In October 2010, I published a Monthly problem that introduced the concept of a fair permutation, which is a permutation $\pi$ such that for every $i$, either $\pi(i) > i$ and $\pi^{-1}(i) > i$, or $\pi(i) \le i$ and $\pi^{-1}(i) \le i$. Equivalently, every cycle of $\pi$ is either a fixed point or an alternating cycle of even length, meaning that if $z$ is the largest element of the cycle, then $$z > \pi(z) < \pi(\pi(z)) > \pi(\pi(\pi(z))) < \cdots < z.$$

I don't think anyone has studied fair permutations explicitly before. However, a permutation $\sigma$ on $\lbrace1, 2, \ldots, 2m\rbrace$ is said to be a Salié permutation if for some $r\le m$, $$\sigma(1) < \sigma(2) > \sigma(3) < \cdots < \sigma(2r)$$ and $$\sigma(2r) < \sigma(2r+1) < \sigma(2r+2) < \cdots < \sigma(2m).$$ These have been studied before, and one can show by generatingfunctionology that the number of fair permutations is twice the number of Salié permutations. This is very suggestive and hints at a close connection.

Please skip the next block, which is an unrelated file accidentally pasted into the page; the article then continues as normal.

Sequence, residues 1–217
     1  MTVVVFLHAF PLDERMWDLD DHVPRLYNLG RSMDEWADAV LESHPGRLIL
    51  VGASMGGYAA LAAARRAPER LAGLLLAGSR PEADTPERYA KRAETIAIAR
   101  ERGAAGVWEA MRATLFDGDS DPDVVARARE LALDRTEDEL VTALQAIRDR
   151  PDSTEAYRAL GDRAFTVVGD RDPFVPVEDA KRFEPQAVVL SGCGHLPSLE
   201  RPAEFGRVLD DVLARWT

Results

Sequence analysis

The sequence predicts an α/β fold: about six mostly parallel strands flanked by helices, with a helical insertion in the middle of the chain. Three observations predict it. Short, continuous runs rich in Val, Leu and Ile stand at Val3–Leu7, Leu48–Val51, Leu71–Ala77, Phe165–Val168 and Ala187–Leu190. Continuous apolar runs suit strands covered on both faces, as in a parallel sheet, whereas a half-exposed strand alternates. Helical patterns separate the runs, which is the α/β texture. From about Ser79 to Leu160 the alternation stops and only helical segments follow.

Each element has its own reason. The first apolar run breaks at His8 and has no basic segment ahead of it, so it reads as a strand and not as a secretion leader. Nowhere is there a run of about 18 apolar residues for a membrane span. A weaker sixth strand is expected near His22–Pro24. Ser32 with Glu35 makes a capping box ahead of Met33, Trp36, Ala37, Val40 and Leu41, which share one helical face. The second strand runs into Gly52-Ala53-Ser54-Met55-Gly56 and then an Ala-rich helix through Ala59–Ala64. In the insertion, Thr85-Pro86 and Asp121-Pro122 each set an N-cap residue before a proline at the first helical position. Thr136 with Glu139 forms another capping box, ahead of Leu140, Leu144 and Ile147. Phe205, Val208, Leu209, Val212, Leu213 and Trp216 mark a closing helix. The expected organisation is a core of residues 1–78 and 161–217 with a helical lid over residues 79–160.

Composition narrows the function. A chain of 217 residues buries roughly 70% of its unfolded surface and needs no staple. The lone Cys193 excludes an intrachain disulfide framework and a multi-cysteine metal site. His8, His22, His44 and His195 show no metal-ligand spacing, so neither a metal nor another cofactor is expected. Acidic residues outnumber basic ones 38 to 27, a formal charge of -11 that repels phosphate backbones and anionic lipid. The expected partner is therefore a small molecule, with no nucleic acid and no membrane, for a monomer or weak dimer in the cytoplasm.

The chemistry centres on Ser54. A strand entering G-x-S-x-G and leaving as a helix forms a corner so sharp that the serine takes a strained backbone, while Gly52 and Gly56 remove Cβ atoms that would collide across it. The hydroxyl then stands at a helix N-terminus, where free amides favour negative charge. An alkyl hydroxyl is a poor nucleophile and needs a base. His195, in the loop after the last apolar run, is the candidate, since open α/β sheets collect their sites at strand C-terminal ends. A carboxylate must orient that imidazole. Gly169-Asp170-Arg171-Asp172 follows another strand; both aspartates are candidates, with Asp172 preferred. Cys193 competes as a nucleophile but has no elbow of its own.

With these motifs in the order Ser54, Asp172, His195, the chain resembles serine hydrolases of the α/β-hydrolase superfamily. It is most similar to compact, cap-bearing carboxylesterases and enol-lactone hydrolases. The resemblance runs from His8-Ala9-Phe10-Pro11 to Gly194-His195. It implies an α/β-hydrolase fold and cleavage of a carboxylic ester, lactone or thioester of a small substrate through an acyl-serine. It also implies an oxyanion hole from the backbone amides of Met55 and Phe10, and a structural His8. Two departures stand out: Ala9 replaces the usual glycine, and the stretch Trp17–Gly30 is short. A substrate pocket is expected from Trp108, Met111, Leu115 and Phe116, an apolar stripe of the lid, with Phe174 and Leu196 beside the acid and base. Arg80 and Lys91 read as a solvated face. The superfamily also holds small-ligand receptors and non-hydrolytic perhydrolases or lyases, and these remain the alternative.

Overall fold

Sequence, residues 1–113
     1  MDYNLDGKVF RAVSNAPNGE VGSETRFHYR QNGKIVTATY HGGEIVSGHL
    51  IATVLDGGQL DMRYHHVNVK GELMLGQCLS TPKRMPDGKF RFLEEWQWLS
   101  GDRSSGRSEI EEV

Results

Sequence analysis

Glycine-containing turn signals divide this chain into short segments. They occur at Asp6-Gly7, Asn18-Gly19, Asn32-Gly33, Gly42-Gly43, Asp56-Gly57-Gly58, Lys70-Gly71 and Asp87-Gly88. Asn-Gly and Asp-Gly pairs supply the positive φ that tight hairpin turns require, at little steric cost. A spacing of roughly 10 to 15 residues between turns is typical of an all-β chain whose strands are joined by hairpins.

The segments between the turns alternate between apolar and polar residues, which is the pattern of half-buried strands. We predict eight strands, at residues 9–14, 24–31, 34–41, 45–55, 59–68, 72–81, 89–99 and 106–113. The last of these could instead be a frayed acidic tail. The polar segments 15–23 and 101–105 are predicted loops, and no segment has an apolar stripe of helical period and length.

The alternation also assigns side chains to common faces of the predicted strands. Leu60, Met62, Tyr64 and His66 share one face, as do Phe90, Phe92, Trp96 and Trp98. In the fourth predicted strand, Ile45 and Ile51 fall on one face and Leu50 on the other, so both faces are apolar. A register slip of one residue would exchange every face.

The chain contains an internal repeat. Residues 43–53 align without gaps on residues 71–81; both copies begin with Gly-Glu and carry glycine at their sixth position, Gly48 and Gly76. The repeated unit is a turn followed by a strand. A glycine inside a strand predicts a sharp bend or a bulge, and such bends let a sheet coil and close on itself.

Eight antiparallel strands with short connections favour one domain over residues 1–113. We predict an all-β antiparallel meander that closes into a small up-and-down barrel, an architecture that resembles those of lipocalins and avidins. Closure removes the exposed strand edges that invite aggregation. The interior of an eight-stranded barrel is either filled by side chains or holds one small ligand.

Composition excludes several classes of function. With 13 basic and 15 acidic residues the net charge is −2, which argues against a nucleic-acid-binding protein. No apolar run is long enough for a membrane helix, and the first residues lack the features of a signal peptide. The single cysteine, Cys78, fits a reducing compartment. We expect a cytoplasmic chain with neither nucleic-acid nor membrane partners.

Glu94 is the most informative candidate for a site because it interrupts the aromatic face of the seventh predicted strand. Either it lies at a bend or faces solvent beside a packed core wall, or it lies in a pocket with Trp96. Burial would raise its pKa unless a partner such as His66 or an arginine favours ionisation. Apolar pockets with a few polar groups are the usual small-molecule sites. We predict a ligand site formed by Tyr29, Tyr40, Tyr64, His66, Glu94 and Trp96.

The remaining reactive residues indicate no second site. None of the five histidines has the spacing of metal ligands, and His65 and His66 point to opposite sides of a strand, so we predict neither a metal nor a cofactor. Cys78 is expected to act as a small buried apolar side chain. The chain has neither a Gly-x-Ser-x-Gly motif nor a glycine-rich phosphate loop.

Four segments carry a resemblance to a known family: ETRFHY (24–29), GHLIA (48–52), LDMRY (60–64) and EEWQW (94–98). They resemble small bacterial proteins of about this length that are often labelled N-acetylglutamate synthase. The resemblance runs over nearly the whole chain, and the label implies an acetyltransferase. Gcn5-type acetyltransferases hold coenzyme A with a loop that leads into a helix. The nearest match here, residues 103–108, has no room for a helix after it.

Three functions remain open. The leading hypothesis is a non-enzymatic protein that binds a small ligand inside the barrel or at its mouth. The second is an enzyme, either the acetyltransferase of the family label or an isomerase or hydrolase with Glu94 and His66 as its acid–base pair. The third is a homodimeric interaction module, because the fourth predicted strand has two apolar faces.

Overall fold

Question: Can one construct an explicit 2-to-1 map from fair permutations to Salié permutations?

  • $\begingroup$ $\pi$ is a permutation of which set? All I can tell it has a partial order... :-) $\endgroup$
    – David Roberts
    Nov 20, 2012 at 22:39

1 Answer 1


Write a fair permutation in cycle form, as follows. First write all cycles of length $>1$ in decreasing order of their smallest element, with the smallest element of each cycle written as the leftmost element of the cycle. Then append all the fixed points in increasing order. An example is $$ (3,9,4,6)(1,7,2,10)(5)(8). $$ Now erase the parentheses. We obtain a Salié permutation. Each Salié permutation arises in exactly two ways. If the first fixed point is less than the element preceding it in the representation just described (as is the case for the example above), then we can absorb the first two fixed points into the cycle preceding them (that is, the rightmost cycle). Otherwise, we can turn the last two elements of the rightmost cycle into fixed points. For the example above we get the additional fair permutation $$ (3,9,4,6)(1,7,2,10,5,8) $$ yielding the same Sailé permutation.

Addendum. There is a small inaccuracy above. If 1 is a fixed point, then rather than absorbing 1 and the fixed point $j$ following it into the previous cycle, we should create a new cycle $(1,j)$.


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